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-   -   When to rest/cold crash if everything seems good? (http://www.homebrewtalk.com/f39/when-rest-cold-crash-if-everything-seems-good-297077/)

seand 01-22-2012 03:35 PM

When to rest/cold crash if everything seems good?
 
I'm working on my second batch. It's a Blonde Ale using Wyeast American Ale yeast. Today is day 7 with fermentation starting within 10 hours, and airlock activity largely stopped at day 5. It's still 3 degrees F warmer than the 60 degree setting on the wine fridge so the yeast are still up to something. This wine fridge holds non-fermenting liquids right on target to the degree. The fermentation gasses have smelled like bananas the entire time which was concerning!

I opened it up today for the first time, and it's reached the final gravity (1.011). There's some krausen on top and carbon dioxide bubbles when disturbed. The taste is very smooth already with no fruit notes at all.

I'm thinking about taking it out of the fridge for Diacetyl rest at ambient (78 F) for a few days, and then cold crashing it down to 40 for the remainder until bottling. Or should I just let the yeast keep going since they're still working and just bottle in a week or two with a cold crash then? Any thoughts?

Thanks! The information on here has already been a great to help to my second batch.

Yooper 01-22-2012 03:43 PM

Since you've still got activity and krausen, wait. Wait until there is NO more activity, and then you can bring it up to room temperature (although 78 degrees is really HIGH) or wait three more days at fermentation temperature before cold crashing.

I wouldn't allow it to get to 78 degrees, so I'd keep it where it is until about day 14 and then cold crash, if the beer has been finished for at least 3-5 days.

seand 01-23-2012 12:14 AM

Thanks for the feedback... I'll go with your suggestion!

GASoline71 01-23-2012 12:23 AM

Is a cold crash absolutely neccessary? Just checkin', cuz I hear about it a lot on here.

Gary

Yooper 01-23-2012 12:28 AM

Quote:

Originally Posted by GASoline71 (Post 3695405)
Is a cold crash absolutely neccessary? Just checkin', cuz I hear about it a lot on here.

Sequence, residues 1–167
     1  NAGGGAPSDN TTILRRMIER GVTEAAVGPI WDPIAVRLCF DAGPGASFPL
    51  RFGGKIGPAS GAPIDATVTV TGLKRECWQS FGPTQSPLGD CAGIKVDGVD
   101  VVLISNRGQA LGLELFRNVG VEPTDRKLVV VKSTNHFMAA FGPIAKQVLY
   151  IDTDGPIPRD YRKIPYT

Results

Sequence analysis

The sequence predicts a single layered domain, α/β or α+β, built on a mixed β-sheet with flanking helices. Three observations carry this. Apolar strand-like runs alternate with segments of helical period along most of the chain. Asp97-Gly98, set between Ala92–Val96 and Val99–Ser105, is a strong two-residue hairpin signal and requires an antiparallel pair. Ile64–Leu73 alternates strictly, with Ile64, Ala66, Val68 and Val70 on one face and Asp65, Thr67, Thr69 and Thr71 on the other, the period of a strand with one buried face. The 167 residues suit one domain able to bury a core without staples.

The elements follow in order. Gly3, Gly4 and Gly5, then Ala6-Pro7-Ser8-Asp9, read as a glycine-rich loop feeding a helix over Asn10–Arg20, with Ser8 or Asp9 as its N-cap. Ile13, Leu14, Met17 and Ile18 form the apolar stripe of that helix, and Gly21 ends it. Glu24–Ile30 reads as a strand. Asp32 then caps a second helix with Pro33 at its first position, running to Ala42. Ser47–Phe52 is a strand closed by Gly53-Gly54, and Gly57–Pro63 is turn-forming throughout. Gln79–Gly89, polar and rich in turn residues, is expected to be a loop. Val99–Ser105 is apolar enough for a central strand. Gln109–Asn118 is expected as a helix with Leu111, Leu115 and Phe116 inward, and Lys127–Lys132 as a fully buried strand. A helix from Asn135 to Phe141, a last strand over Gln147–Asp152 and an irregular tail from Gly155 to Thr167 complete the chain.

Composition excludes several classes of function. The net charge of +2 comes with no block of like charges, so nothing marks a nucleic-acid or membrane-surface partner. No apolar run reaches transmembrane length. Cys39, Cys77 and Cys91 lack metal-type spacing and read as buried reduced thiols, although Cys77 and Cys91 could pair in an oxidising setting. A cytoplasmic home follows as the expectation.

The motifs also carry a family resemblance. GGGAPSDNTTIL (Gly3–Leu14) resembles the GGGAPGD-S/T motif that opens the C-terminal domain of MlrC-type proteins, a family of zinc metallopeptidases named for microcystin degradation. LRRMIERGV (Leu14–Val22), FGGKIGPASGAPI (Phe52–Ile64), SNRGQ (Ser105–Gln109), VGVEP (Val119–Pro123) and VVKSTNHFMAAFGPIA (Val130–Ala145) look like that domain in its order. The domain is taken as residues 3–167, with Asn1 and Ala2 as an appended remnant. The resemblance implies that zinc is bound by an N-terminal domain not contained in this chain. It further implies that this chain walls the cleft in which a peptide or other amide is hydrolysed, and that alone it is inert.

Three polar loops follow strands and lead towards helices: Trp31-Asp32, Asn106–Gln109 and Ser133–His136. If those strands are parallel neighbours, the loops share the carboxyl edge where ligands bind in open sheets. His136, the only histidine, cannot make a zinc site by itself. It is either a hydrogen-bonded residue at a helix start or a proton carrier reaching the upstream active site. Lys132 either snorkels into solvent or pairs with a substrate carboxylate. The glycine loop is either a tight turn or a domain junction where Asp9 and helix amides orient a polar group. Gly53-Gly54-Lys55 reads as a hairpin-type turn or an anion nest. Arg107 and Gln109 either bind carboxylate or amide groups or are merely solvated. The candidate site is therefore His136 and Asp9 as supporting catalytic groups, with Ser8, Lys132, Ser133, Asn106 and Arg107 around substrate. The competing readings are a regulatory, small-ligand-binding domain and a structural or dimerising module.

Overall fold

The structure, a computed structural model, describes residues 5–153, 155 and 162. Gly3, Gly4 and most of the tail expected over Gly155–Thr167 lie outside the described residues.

Gary

Oh, no, it's not necessary at all. It just really helps clarity. The cold crash causes excess yeast, proteins, and other suspended items to fall to the bottom so that the beer is clearer. A clearer beer at bottling means less crud in your bottles later on.

JimTheHick 01-23-2012 01:05 AM

The season, too. Everyone's garage north of Missouri is about the right temp for it. That spurs discuss. I've been doing it with every batch since October, but I won't bother with it come warmer weather.

seand 01-25-2012 11:36 AM

Just an update... Day 10 and it's down to 1.009 or so, below the recipe FG. Some Krausen still left on top with a 3 degree F temp delta. I started to question the LCD temp strip on the fermenter ... I stuck some water in the fridge and it cooled down to the set temp, and I measured the temp of the beer and it's right where the strip says. Holding off on crashing.

william_shakes_beer 01-25-2012 11:47 AM

Quote:

Originally Posted by Yooper (Post 3695426)
Oh, no, it's not necessary at all. It just really helps clarity. The cold crash causes excess yeast, proteins, and other suspended items to fall to the bottom so that the beer is clearer. A clearer beer at bottling means less crud in your bottles later on.

I have never had clarity problems and never cold crashed. I do 4 weeks primary, and 4 weeks bottle conditioning. Always a nice tight yeast cake at the bottom of the bottle that never pours out, even when I upend the bottle completely.

seand 02-02-2012 03:24 AM

On day 12 the gravity still read 1.009 and the temp difference had dropped, so I went to crash. I could only get it down to 42 or so, and it got 4 days worth of cold crash. I bottled it cold, and ended up adjusting the sugar downward to about 4 ounces to compensate (Hopefully that works!). It seemed extremely clear, especially compared to my first batch.

Thanks for the advice!

seand 02-09-2012 10:25 PM

A week later, I decided to chill one down just to see what I ended up with. They carbonated pretty well. It probably could have been okay with 5 ounces.

Pre-fridge it was crystal clear. After... well, now I know what chill haze is. I used a wort chiller and took it from boiling to 70 degrees in about 5 minutes, so it wasn't cooling too slowly for sure. What's strange is that at 40 degrees the beer was quite clear being bottled. In any case... the beer tastes great even now with essentially no bottle conditioning. At this for this Blonde Ale, cold crashing wasn't enough on its own to clear it. So much to learn!


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